Insurance company sued over Hurricane Isaac damages

By Lizzy Fitzsousa | Jun 2, 2014

Satellite image of Hurricane Isaac in Aug. 2012

NEW ORLEANS – A local woman has filed suit against her insurance company after she claims it refused to pay the full amount agreed upon for damages to her house sustained during Hurricane Isaac.

Ursula Martin filed suit against Lighthouse Property Insurance Corporation in the Orleans Parish Civil District Court on March 5.

Martin alleges she held a policy from Lighthouse covering her property at 4631 Saint Ferdinand Drive in New Orleans. According to the suit, Hurricane Isaac caused roof damage, resulting water damage, and damages to the interior and exterior of her home. The Lighthouse Advance Claims Concepts estimated her damages to be $2,300. According to Martin, Gulfcoast Estimating Services claim her damages were much greater. On Feb. 6, 2013 Lighthouse invoked appraisal which is allegedly is an enforcement term of Martin’s insurance policy. The suit claims the appraisers reached a mutual agreement for the amount of $9,182.62, but Martin never received any payment, the suit claims.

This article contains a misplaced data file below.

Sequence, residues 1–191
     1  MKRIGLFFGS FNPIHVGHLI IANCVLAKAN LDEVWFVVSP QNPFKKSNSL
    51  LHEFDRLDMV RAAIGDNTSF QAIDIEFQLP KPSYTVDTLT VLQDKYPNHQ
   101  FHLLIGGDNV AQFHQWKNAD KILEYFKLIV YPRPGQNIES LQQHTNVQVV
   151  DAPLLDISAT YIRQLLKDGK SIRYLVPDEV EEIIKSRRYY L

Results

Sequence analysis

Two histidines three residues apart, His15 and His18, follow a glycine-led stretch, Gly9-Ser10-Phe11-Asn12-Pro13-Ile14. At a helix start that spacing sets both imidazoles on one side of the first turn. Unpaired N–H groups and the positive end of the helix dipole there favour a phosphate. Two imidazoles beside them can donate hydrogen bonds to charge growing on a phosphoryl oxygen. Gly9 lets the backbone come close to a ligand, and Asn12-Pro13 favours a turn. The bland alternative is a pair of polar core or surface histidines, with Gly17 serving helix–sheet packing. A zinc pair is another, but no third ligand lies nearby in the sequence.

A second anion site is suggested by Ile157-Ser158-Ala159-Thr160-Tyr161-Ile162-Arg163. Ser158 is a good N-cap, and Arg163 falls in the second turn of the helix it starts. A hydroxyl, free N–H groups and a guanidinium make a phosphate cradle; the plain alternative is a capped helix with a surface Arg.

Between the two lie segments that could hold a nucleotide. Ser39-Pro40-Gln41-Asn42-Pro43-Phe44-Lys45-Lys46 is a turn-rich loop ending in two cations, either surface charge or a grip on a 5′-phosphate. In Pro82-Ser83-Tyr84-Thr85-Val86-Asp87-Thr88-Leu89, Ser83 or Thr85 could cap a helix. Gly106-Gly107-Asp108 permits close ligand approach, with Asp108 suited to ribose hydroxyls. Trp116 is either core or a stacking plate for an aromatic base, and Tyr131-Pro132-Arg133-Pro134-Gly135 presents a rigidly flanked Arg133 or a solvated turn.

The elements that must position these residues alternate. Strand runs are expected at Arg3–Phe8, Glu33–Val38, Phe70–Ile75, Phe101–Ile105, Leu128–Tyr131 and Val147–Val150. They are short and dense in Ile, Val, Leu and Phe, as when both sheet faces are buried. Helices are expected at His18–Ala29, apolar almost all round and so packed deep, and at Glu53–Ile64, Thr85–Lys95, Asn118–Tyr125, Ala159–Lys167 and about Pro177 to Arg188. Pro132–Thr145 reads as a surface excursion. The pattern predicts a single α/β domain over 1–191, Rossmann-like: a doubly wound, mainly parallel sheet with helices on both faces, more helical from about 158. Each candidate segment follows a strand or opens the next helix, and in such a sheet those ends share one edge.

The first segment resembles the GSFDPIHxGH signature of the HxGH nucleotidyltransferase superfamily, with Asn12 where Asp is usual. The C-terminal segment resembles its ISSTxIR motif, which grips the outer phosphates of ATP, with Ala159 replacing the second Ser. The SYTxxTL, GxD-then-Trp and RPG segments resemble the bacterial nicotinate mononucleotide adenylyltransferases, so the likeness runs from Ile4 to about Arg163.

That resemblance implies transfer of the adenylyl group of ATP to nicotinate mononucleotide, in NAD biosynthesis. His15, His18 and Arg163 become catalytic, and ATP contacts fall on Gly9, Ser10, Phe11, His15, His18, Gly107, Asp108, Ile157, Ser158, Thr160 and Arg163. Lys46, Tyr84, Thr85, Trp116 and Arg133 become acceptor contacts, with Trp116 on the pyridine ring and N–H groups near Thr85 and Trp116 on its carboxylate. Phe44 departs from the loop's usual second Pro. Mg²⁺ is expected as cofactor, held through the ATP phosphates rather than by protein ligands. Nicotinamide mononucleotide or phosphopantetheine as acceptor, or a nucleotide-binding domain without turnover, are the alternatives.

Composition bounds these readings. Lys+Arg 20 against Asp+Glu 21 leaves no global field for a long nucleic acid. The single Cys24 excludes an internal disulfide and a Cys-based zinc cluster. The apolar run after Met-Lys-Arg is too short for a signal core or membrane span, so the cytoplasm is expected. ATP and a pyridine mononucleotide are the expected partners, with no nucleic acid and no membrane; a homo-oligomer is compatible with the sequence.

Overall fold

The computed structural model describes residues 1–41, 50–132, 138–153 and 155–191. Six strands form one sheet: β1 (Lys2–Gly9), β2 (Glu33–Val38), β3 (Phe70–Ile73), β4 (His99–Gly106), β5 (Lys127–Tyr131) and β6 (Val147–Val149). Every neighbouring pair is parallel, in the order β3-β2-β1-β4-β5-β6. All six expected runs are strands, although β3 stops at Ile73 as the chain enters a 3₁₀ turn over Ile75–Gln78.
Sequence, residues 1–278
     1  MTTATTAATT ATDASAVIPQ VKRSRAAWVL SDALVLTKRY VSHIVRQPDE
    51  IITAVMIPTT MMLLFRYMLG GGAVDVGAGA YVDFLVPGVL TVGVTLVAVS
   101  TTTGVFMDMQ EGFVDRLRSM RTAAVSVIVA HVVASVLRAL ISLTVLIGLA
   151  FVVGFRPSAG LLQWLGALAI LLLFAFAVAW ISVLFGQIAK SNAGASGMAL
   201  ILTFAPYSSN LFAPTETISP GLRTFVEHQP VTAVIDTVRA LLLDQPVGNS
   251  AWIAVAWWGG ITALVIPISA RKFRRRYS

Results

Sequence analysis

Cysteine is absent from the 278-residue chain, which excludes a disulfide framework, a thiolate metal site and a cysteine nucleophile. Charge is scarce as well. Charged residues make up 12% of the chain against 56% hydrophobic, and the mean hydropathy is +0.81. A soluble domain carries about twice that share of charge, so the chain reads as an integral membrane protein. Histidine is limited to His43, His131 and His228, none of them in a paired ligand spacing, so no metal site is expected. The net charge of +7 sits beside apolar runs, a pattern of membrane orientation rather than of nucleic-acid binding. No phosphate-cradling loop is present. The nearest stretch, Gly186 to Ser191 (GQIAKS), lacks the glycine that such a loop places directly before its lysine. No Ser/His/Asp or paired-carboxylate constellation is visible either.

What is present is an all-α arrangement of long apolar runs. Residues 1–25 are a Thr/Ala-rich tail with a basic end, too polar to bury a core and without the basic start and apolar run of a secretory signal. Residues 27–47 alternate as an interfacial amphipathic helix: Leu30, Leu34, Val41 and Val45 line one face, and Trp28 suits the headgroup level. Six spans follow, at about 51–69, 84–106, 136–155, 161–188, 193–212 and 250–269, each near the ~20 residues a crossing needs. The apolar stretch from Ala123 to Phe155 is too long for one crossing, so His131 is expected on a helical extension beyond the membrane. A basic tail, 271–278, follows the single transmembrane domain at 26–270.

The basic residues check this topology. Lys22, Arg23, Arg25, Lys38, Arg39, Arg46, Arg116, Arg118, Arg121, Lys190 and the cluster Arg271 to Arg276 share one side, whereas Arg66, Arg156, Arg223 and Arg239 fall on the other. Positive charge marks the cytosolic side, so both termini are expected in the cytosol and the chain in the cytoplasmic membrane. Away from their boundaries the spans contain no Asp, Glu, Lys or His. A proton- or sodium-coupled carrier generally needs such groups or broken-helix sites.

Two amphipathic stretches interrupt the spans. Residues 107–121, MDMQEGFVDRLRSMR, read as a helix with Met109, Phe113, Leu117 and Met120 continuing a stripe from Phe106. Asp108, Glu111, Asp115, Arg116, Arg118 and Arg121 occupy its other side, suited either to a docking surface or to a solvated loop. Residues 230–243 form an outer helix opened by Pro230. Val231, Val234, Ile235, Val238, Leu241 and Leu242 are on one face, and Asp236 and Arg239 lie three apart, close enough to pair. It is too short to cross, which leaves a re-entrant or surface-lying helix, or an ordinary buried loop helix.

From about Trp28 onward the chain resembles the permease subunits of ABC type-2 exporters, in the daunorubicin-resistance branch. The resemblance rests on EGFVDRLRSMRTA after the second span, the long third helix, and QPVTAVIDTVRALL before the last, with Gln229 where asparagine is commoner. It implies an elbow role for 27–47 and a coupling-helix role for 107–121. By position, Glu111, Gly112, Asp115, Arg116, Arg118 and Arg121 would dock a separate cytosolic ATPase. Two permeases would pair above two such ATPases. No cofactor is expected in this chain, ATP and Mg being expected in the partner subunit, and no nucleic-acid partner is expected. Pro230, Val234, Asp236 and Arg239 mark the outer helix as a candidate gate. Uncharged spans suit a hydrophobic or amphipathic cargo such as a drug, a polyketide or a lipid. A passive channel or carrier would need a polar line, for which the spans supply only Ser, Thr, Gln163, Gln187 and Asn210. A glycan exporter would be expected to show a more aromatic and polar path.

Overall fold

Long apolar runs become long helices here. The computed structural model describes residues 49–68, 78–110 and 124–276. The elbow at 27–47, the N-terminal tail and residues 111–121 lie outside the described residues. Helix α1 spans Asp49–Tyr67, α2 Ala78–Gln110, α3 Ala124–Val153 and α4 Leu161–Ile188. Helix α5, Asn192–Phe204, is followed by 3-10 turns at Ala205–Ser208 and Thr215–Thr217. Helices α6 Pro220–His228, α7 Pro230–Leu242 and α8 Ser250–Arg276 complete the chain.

Lighthouse answered the suit on May 9 denying any wrongdoing  and claiming Martin failed to mitigate her damages. Lighthouse argues it has sufficiently paid Martin.

The plaintiff is represented by Shelly R. Hale and J. Andrew Lewis Jr. of Speights & Worrich and Catherine Hilton of Counsel-Speights & Horrich of New Orleans.

The case is assigned to Division C Judge Sidney H. Cates IV.

Case no. 2014-02234.

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